All participants given a Russian Covid-19 vaccine developed an antibody response and suffered no serious adverse side effects in the early-stage trials, according to results published in The Lancet medical journal.
Experts said the trials were still too small and early to prove the vaccine’s effectiveness and safety – and noted that there had not been a placebo comparison.
The trial took place in two Russian hospitals and involved 76 healthy adults aged 18 to 60.
Each participant was given a dose of the first part of the vaccine and then given a booster with the second part 21 days later.
They were monitored over 42 days and all developed antibodies within the first three weeks.
The vaccine is called Sputnik V, continuing in the naming tradition of the world's first artificial satellite, which was launched into space by the Soviet Union in 1957.
Russian President Vladimir Putin has previously said the vaccine is safe and claimed that one of his daughters had been given it.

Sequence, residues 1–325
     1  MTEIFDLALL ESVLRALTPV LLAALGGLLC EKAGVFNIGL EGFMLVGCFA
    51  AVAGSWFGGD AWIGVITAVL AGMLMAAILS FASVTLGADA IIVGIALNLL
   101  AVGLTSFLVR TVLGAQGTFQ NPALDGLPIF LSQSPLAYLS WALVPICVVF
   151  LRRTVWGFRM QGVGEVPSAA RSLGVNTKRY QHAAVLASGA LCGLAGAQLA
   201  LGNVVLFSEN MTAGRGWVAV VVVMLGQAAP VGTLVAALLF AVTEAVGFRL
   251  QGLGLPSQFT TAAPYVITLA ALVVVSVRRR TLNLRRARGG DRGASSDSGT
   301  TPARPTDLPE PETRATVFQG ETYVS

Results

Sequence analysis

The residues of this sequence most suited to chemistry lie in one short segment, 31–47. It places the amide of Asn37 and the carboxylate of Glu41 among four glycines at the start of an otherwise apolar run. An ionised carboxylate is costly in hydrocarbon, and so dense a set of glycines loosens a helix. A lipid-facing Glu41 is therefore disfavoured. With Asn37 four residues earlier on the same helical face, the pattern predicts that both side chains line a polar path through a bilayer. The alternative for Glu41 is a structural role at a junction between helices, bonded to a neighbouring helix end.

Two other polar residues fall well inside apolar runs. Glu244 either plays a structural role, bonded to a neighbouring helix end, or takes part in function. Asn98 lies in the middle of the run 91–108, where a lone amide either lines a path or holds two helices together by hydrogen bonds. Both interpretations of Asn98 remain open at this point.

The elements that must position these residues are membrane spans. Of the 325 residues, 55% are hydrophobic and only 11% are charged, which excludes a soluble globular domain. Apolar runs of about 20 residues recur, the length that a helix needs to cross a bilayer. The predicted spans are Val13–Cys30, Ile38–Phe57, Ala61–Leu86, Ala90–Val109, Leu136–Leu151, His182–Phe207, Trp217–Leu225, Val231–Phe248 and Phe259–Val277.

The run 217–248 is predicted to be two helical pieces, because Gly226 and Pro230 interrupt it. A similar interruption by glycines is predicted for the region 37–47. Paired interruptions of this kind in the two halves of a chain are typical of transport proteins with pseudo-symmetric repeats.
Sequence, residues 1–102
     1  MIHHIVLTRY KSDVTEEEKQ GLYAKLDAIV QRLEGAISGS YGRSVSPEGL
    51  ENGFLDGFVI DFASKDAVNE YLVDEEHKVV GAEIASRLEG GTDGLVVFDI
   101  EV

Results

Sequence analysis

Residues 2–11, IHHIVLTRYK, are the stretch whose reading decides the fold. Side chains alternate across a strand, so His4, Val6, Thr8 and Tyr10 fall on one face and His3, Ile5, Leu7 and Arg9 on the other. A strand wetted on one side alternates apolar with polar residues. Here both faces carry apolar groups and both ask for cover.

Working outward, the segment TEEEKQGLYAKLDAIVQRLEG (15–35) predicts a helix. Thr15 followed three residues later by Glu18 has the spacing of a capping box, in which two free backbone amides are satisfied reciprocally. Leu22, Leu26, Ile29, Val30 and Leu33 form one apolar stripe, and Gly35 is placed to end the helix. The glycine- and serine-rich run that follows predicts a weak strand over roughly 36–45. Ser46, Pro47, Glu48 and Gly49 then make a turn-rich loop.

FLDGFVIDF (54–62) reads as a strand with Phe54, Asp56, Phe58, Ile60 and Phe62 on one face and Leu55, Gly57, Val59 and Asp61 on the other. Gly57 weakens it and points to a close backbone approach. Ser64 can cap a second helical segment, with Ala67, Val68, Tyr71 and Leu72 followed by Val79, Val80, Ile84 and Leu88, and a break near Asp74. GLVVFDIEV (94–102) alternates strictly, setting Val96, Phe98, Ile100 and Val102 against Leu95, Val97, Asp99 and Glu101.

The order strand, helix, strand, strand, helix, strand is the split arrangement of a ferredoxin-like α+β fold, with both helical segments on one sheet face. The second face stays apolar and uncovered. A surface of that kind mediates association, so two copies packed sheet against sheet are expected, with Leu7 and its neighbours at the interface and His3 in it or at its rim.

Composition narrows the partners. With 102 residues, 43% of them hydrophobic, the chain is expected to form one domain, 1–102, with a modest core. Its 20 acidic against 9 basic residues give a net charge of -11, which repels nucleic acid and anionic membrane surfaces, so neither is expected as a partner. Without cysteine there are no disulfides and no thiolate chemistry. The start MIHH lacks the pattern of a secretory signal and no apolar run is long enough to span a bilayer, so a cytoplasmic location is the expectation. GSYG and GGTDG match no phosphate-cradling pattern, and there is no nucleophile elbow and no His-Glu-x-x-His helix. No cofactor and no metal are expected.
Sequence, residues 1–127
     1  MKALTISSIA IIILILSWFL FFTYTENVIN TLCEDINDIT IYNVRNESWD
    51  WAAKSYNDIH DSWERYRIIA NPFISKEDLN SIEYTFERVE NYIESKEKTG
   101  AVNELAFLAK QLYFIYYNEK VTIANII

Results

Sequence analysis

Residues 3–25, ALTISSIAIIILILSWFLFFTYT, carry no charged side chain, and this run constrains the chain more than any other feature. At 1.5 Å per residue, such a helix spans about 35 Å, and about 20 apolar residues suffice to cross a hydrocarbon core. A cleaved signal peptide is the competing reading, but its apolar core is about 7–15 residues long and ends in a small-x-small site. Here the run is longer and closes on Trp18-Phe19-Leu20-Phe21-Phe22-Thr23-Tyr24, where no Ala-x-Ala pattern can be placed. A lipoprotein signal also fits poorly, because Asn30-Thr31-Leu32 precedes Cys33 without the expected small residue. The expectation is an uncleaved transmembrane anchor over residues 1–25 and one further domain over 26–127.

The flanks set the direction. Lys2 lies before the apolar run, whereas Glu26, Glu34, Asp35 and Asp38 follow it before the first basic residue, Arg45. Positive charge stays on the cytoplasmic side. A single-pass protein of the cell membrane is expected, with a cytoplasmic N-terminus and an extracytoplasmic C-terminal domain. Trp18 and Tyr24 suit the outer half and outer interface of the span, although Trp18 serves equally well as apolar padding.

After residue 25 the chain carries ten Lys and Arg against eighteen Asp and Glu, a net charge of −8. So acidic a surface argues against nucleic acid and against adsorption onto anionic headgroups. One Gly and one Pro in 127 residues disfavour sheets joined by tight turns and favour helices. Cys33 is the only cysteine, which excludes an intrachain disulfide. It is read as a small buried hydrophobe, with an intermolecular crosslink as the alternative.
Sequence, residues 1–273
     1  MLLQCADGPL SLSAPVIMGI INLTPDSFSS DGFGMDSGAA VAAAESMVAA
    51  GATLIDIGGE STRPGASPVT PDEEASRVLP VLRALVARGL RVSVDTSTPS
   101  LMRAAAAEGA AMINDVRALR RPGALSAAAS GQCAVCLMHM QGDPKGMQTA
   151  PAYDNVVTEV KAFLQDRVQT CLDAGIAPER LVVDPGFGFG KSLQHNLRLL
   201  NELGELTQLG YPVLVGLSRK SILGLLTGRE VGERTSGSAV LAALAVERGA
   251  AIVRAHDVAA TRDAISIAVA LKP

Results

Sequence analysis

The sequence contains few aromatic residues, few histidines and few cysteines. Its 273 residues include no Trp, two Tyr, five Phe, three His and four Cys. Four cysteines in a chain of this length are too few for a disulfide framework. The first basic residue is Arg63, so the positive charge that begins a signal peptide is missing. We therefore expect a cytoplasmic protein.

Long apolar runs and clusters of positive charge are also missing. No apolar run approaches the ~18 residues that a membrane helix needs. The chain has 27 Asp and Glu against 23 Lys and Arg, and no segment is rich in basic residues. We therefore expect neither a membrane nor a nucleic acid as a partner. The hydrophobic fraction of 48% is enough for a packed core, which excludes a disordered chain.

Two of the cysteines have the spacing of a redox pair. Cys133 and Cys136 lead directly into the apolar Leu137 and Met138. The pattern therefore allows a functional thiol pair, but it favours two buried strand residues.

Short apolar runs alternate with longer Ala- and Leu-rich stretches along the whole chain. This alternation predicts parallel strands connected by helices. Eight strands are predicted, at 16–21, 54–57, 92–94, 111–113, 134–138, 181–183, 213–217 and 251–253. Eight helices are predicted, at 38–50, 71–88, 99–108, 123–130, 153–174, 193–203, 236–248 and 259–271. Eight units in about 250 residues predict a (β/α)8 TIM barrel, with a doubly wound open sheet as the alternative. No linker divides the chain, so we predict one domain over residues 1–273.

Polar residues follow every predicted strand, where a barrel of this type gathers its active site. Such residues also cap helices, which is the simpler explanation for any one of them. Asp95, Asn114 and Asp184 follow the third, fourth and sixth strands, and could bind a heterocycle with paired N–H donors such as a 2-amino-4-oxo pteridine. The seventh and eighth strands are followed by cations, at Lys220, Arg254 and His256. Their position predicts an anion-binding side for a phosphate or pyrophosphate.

But Dr Michael Head of the University of Southampton urged caution.
“This manuscript confirms some of the public statements from a few weeks ago, namely that this appears to be a promising vaccine candidate,” he said.
“At this stage, we do not know if the vaccine actually works – that is what the Phase 3 trials will tell us.
“Public confidence in any licensed vaccine is vital, and suggestions from both Russia and the United States that a vaccine may be fast-tracked without the proper research having taken place are problematic,” he added.
Russia has said it expects to produce between 1.5 million and 2 million doses per month of its potential Covid-19 vaccine by the end of the year, gradually increasing production to 6 million doses per month.
More than half a dozen drugmakers are already conducting advanced clinical trials including industry giants AstraZeneca, Moderna and Pfizer.